Life on the farm was varied, depending on the region’s socioeconomics. With pigs, the Corso assisted with breeding and castration. He was sent into the thicket to incapacitate the semi-wild sow after she delivered so the farmer could collect the piglets harmlessly and bring them onto the farm. In the same manner, using his immovable bite the Cane Corso would seize the boar by the ear to immobilize him for castration. With cattle, he was used to drive the herd to the butcher for slaughter. (Interesting enough, I have had many of my dogs “herding instinct tested” and all received the same comments: “Would excel as a driver of cattle.” Some of those gifts are still being passed down!) 

The bull was castrated in the same manner as the boar: The Cane Corso grabbed him by the ear or snout with his cast-iron jaws and serrated bite. This was quite a spectacle and evolved into an almost circus-like atmosphere, as villagers would come to watch and applaud the agile and robust Corso as he avoided the horns of the angry bull and conquered him. This scenario is not exclusive to the Cane Corso or Italy, as it was practiced by many breeds in many different parts of the world. 

 

The breed’s role as a flock guardian was similar to that of his ancient forefathers; he was used to prevent poaching from brigands and cattle thieves as well as his natural enemy, the wolf. Not being “born in the net,” the Cane Corso did not have a profound attachment to sheep; his primary love is and was humans. In some cases a cross breeding was necessary, which was referred to as a mezzo-Corso. A cross between a male Corso and a female Abruzze Mastiff (Italian sheep dog, or Maremma) created a dog capable of fighting the wolf but with an attachment to the sheep. The puppies were born among the herd and lived out their days there.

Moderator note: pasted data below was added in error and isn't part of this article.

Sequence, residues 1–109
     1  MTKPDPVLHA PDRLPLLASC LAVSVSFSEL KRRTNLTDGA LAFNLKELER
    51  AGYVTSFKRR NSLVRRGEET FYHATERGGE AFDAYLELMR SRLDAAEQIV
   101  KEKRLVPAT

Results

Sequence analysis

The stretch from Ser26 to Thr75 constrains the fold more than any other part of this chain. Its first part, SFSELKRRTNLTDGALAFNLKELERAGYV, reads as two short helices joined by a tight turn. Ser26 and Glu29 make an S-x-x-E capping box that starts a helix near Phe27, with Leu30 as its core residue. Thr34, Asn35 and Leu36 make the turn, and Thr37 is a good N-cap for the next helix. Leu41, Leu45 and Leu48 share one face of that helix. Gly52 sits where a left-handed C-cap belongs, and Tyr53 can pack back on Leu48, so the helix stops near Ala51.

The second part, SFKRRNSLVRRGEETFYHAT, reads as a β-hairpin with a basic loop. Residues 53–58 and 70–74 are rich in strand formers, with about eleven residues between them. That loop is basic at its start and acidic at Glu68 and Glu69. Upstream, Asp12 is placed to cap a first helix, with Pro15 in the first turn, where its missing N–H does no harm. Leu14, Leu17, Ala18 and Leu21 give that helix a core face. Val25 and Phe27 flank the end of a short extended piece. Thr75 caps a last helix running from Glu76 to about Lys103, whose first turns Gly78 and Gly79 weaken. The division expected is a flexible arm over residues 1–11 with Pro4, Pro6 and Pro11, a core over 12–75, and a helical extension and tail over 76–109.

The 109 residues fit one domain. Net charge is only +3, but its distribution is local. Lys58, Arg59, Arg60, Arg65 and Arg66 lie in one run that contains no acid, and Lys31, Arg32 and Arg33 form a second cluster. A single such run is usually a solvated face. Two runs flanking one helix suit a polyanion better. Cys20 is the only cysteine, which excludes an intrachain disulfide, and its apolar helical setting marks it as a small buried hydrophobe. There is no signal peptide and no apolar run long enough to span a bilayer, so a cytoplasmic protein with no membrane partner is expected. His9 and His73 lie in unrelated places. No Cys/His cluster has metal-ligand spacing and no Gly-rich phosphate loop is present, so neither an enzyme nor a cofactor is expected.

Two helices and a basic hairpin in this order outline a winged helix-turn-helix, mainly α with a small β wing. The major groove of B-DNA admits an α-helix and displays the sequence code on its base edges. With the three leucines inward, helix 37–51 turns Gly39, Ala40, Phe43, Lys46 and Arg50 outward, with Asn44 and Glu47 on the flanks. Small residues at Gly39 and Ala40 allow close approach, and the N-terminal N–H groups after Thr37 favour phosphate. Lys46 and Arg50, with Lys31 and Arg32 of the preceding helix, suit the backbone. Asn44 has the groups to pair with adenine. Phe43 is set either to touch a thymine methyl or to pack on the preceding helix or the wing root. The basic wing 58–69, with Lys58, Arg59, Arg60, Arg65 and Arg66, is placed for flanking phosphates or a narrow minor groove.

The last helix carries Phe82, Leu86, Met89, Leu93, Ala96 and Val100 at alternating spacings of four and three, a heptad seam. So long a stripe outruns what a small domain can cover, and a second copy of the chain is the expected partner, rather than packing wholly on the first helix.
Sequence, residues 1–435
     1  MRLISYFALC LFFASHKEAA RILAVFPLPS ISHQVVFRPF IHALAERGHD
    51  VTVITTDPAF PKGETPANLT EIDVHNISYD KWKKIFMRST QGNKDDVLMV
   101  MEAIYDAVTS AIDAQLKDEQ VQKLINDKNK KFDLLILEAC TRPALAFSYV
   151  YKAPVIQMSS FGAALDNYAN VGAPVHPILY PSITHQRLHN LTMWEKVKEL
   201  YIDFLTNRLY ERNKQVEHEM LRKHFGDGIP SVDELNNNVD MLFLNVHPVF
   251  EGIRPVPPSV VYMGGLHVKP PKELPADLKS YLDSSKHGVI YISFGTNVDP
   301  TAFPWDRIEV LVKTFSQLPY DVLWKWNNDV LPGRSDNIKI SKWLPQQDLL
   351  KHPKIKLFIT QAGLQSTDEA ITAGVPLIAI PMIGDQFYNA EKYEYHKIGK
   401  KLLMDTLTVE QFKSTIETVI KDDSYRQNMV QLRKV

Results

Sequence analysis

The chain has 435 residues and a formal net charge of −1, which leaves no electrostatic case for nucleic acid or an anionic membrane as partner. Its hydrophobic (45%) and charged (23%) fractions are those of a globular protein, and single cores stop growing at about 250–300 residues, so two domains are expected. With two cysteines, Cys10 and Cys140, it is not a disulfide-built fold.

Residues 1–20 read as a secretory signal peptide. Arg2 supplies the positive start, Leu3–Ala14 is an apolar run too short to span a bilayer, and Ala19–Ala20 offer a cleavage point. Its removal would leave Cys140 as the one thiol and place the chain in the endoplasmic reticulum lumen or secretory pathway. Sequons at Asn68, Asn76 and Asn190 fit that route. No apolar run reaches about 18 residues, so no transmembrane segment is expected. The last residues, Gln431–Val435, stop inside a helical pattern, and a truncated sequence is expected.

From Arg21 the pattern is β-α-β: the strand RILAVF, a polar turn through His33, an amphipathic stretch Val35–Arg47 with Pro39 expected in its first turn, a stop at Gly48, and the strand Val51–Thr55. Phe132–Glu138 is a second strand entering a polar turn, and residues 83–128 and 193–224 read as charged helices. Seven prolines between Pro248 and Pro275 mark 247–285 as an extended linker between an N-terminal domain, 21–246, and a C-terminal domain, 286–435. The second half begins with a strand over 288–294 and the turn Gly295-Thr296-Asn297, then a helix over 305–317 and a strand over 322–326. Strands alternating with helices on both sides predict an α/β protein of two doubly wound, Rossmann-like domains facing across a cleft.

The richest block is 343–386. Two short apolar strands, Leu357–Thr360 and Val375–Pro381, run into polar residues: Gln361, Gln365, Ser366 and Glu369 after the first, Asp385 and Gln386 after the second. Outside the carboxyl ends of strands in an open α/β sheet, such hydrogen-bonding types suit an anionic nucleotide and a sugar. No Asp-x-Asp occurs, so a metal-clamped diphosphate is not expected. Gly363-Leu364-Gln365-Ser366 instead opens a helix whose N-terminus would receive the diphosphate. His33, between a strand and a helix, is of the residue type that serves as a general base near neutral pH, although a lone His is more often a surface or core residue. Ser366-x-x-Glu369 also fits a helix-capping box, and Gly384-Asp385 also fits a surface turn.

The breed’s guardian duties also included accompanying merchants or butchers by cart so they would not be robbed on the trail as they sold their wares. During the off season, lone wardens guarded the vine land with all the workers gone due to fear of malaria, which was rampant in the Italian south; their sole companion was the Cane Corso. These “teams” would develop an almost telepathic relationship due to their close bond. 

 

The Cane Corso was so prized by the people of these regions that there are several metaphors and phrases associated with his name. Can corso referred to a man of proud aspect and attitude. Je’nu cors is what an elderly peasant would say to describe a young man who was the essence of moral and physical virtue, according to a book of Sicilian proverbs by Emma Alaima. The saying A cani corsi nun ci diri’ngirri roughly translates as “Don’t incite one who is already irascible.” 

 

So ingrained was the Cane Corso in the rural southern Italian landscape, and so tied was he to those whom he served, that this question from Dr. Flavio Bruno, an early champion of the recovery of the breed, immediately comes to mind: “Do qualities of the man describe the dog, or do those of the dog describe the man?”